My wife and I recently ate at the restaurant of the Stakis hotel in Blackpool. We have visited the hotel on numerous occasions over the years and have always found the food and service quite satisfactory. However, on this visit, the quality of the food had deteriorated markedly: the soup was cold, the vegetables coated in cold butter or oil and the desserts so chilled that they lacked any taste. I am becoming increasingly weary of hoteliers who believe that, if they provide a swimming pool, sauna, steam room, etc, the food on offer can be of dubious quality. Perhaps you could pay the Blackpool Stakis a visit when you are next in the area.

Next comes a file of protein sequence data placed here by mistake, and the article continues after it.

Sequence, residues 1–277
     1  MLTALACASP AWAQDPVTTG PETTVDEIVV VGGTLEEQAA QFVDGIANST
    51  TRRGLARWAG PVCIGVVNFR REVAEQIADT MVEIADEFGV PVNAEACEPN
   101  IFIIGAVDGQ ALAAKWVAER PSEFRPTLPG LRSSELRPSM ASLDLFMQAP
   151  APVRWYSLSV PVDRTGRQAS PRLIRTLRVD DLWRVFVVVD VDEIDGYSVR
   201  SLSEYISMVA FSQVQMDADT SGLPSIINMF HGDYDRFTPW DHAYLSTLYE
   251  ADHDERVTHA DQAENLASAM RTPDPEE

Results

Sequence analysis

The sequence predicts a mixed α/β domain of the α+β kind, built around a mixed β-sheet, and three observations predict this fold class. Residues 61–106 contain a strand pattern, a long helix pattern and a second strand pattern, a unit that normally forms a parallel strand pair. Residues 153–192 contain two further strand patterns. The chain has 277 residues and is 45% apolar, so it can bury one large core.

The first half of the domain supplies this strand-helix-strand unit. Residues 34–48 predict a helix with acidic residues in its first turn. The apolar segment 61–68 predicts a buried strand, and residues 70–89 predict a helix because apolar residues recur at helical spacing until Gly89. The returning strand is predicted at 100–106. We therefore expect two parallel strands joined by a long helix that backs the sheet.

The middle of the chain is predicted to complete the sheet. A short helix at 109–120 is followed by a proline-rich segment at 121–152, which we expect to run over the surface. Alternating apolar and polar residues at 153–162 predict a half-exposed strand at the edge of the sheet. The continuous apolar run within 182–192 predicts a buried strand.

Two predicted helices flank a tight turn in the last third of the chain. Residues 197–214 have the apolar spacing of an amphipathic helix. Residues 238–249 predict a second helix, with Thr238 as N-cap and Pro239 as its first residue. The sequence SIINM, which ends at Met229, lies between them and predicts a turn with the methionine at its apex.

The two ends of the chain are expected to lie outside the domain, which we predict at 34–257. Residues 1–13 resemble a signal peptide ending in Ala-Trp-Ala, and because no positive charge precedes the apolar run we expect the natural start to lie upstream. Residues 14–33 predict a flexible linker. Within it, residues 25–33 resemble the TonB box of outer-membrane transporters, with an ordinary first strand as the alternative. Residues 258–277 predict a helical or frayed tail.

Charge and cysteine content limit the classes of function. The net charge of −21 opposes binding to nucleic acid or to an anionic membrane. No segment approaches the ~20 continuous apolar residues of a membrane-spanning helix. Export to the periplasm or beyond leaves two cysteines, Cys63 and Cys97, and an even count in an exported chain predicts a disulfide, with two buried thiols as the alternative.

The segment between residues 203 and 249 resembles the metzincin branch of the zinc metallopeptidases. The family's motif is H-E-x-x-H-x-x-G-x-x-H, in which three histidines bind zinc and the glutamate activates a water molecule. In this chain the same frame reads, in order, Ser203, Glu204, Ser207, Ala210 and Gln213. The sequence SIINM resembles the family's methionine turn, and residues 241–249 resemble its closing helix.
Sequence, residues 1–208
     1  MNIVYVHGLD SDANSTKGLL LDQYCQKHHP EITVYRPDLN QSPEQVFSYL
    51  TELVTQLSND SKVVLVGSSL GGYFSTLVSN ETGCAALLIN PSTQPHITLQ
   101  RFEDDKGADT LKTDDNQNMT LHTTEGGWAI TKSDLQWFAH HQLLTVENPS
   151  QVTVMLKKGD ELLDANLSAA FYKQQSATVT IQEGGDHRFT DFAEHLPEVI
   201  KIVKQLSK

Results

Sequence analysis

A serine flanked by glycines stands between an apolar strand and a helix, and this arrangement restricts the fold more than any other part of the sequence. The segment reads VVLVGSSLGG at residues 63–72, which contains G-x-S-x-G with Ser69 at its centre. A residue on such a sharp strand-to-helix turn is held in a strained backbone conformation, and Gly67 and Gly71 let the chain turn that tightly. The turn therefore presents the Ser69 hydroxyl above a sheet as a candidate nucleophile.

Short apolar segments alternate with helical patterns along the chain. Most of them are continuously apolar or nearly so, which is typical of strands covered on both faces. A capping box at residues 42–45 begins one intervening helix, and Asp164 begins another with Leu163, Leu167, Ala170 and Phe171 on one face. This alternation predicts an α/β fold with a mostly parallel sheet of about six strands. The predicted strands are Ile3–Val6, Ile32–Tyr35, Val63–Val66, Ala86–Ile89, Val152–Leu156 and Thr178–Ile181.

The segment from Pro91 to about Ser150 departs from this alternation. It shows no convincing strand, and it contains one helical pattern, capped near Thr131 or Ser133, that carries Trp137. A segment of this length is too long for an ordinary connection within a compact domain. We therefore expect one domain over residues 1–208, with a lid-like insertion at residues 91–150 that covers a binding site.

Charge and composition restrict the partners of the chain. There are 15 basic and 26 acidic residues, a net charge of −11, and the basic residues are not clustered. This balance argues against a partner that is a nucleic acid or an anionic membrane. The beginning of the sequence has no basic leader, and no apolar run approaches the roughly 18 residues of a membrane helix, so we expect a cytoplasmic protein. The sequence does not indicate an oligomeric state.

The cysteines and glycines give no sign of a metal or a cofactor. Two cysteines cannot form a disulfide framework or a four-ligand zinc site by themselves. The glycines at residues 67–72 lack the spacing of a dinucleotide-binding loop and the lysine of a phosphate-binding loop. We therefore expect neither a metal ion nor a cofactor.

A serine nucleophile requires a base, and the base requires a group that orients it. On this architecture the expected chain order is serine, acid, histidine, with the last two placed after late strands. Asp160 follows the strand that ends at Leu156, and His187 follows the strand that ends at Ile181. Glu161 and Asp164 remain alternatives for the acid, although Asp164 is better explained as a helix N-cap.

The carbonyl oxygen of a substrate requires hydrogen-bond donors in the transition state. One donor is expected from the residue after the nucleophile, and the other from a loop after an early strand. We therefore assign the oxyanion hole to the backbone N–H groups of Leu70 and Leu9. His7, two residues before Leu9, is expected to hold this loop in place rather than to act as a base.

A Jones, Rode Heath, Cheshire

About a month ago, a party of 14 of us had a meal at a local restaurant. Just after placing my order, I was aware of a sharp pain on my wrist and, to my horror, discovered I had received three nasty stings from a dozy, wasp-like insect. Following first aid from a waitress, I returned to the table in time for the main course. To add insult to injury, everyone else's meal was correct except for mine, which had to be sent back to be changed. It was quite a memorable evening: I was not only let down, but well and truly "stung" at the same time.
Brenda Love, Wimborne, Dorset